Saturday, 23 November 2013

In the Rectory dog house.

Our Tess was a year old last month. She arrived in this world just after we knew that my husband's first incumbency was going to be in Dorset, so she was named Tess - after Thomas Hardy's 'Tess of the D'Urbervilles'. She is the daughter of our collie and has the same loving nature as he has. Living in a rectory affects all members of the family, including the dogs. They have had to cope with long periods of being shut in the kitchen when there are house groups here. It is surprising how many people don't like to share their seat with a large, ungainly collie or a wriggly pup. Those longing gazes that watch every mouthful of biscuit eaten with the coffee, and the inevitable dribble that lands on shoes, just doesn't appeal to some of our visitors.

For other visitors, they provide a wonderful distraction, or comforter through difficult times. As the Rector@6 and I grow into our roles, so do the dogs. Recently they have been learning to sit quietly in church when they come with us to morning prayer in the church. I'm rather proud of how well they are accepting this. Tess does insist that she sits next to me on the pew and Jed lies at my feet. It is surprisingly reassuring to have them there....when they are quiet. Unfortunately they haven't quite got used to the idea of other people joining us and will emit loud resonating barks if the church door opens. This is not good practise!

The canine numbers at the rectory  have doubled recently. We are dog sitting two vicarage dogs from Hampshire, while their owners visit family in Australia. In a moment of generosity, the Rector@6 and I offered to look after the two dogs. We thought that with our nice, large garden and being surrounded by open countryside, we could offer them a home from home. We have made it to the end of week three! I'm not sure who is the fittest - but regular walks must be  taken by both the Rector@6 and myself because neither of us can manage four dogs on our own. This was a little thing that we failed to realise when we made the offer. So come rain or shine (fortunately plenty of the latter) we are tramping over the stubble fields. We have found that these two visitors are not like our collies. They come back on most occasions then suddenly one disappears across the field, or into the hedge, despite our frantic blowing on the dog whistle. For the first week, I expect the village thought there was a man hunt or police emergency because of our frantic tooting on the whistle from across the fields. We had been assured that both dogs came back on two bursts of the whistle - well our Tess does now!
The pheasant shoots have started around us now so we have had to keep clear of all the farms where this happens. We have had to keep clear of all hedges, rivers and woodland. But we have managed to have four dogs who all respond to their name and usually return for a titbit and our Tess thinks she is in seventh heaven!  She will miss them when they return home next week. We will not miss the Labrador instinct to role in anything smelly and then saunter away laughing at us. And I have to admit that one of our visitors (no names here) a thief! So far we have lost: - a pack of butter, a frozen apple cake, a mixed box of left over party cakes, a third of  Tess's stored dried food, bread and the vegetables being put out for compost heap. She can delicately pick the remaining apples from the low branches of the tree and shares them with all the other dogs. At least she is getting plenty of fresh food to supplement her dried diet!
It has been quite an experience - our Jed is not impressed with his harem in his house and I am afraid to say, has cause a couple of 'incidents'. We all still have all our fingers and the dogs have all their ears but two of them keep a wide berth of each other and will take every opportunity to curl a lip across the room at the other. Fortunately, it is only in the house and they can be walked off the lead together, without problems.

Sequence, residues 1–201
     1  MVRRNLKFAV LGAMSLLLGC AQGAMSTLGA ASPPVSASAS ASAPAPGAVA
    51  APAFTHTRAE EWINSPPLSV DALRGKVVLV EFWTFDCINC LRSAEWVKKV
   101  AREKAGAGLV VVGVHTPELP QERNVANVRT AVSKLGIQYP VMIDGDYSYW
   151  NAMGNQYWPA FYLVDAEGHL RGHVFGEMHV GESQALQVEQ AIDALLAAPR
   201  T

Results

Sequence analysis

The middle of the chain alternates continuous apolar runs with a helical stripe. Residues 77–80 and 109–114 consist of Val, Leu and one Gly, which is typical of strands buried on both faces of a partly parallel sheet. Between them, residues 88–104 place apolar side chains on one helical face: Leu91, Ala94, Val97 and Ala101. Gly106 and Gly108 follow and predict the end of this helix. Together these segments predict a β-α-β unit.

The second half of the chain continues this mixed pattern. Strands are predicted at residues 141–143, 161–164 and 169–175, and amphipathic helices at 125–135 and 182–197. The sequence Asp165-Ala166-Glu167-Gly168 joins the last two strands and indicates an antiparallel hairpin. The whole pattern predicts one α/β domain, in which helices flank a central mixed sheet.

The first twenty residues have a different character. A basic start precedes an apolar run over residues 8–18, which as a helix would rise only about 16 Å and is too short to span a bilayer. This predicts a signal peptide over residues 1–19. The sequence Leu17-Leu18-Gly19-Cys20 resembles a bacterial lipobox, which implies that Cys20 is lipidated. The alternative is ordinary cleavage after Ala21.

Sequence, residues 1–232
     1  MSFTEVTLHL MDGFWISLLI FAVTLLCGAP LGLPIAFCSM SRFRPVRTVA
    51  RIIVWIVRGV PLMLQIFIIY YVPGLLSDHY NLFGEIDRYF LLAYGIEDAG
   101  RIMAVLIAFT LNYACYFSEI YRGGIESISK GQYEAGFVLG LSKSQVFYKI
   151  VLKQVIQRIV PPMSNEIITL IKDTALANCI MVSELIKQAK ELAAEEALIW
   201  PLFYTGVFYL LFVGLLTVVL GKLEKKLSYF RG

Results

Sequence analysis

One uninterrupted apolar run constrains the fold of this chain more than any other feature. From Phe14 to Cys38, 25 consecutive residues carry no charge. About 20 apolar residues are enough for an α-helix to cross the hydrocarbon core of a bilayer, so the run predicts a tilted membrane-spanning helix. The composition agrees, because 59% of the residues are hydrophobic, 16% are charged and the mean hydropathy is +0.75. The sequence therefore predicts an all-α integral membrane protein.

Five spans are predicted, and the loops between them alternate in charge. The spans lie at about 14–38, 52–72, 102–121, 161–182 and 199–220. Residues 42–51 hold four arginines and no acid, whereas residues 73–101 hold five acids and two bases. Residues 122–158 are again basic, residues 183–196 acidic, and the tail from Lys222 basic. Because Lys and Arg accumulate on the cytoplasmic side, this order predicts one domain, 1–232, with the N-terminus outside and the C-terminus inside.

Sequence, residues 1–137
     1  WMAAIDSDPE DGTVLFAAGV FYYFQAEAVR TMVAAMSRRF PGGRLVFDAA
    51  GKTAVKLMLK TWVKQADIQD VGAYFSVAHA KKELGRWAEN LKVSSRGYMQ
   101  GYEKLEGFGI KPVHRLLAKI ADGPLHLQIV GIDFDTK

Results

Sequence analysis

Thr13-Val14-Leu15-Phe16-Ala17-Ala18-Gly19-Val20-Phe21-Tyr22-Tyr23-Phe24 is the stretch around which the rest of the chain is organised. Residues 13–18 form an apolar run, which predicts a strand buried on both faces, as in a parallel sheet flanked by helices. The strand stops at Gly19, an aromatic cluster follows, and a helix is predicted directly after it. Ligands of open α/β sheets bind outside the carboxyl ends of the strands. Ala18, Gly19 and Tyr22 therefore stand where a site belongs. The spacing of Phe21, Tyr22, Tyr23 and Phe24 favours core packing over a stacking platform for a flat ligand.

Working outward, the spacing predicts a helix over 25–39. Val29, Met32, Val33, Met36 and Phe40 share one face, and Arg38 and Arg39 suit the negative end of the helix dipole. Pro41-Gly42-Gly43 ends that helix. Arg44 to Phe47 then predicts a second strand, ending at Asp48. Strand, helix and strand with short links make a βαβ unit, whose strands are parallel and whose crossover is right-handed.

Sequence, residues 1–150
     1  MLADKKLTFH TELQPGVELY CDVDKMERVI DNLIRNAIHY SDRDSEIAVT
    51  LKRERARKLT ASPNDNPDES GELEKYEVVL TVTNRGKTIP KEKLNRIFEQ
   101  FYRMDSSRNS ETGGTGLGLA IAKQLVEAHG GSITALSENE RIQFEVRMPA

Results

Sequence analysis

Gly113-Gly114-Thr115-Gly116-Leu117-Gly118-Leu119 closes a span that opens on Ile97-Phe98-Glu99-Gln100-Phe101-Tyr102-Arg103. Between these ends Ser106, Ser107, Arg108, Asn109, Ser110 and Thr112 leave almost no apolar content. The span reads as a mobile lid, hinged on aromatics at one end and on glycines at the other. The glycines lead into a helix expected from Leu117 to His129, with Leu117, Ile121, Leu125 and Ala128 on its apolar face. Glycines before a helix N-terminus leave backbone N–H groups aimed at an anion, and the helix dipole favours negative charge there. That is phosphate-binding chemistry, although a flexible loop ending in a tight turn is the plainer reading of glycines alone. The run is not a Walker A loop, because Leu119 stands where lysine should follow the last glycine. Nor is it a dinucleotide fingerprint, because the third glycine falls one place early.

If rectory visitors thought we took a long time to get to the door before - we take twice as long now, as each pair of dogs needs to be put in their respective beds, before we open the door. Otherwise our visitors may be sent hurtling backwards down the steps, as four black dogs come flying at them! We haven't had many visitors lately (the continuous barking at times, or the loud shouting, may have deterred a few).

Sunday, 17 November 2013

Spiralling around life.

It's interview time for the Rector@6 - time to answer to the big boss. After six months, new incumbants get an entry interview with the bishop to discuss how things are going. A little while ago, one very good friend asked me how it really was for me and I declined to answer then, but now, I think I can. Things are slotting into place - I don't feel settled but I don't feel unsettled - so I suppose that is good. I miss Devon hugely but I am getting to know the area around us a bit more. Because we have been running back to Devon when we do have some time off, this has prevented us exploring our new surroundings as quickly as we might have done. I have been unready to rent out our Devon home and we have needed somewhere to escape from the telephone. So we have kept our house and done some very necessary repair works on it - and God has done some necessary repair work on me! We have been approached by a family who may be interested in renting the house after Christmas - and I know that it will be the right time to let it go.
Following the format of the Rector's interview, I will put my side:-
My Wellbeing.
The house is an on-going annoyance - there is still work to be done on it, some as a result of the quinquennial inspection, some because things were not kept in good order or finished properly. It has made it difficult to really settle and hopes of changes to the bathroom or kitchen are completely dashed so I will continue to sport burns on my hand from our badly sited oven. I have to accept the 'that will do' attitude but it doesn't endear me to stay here - we have owned our own home for too many years to accept this.
I haven't looked for a new job as yet - but I have ventured out into the world of horses and I am learning all the time. Almost exactly a year since giving up teaching, I am back in the local school as a volunteer. I shall see how that goes.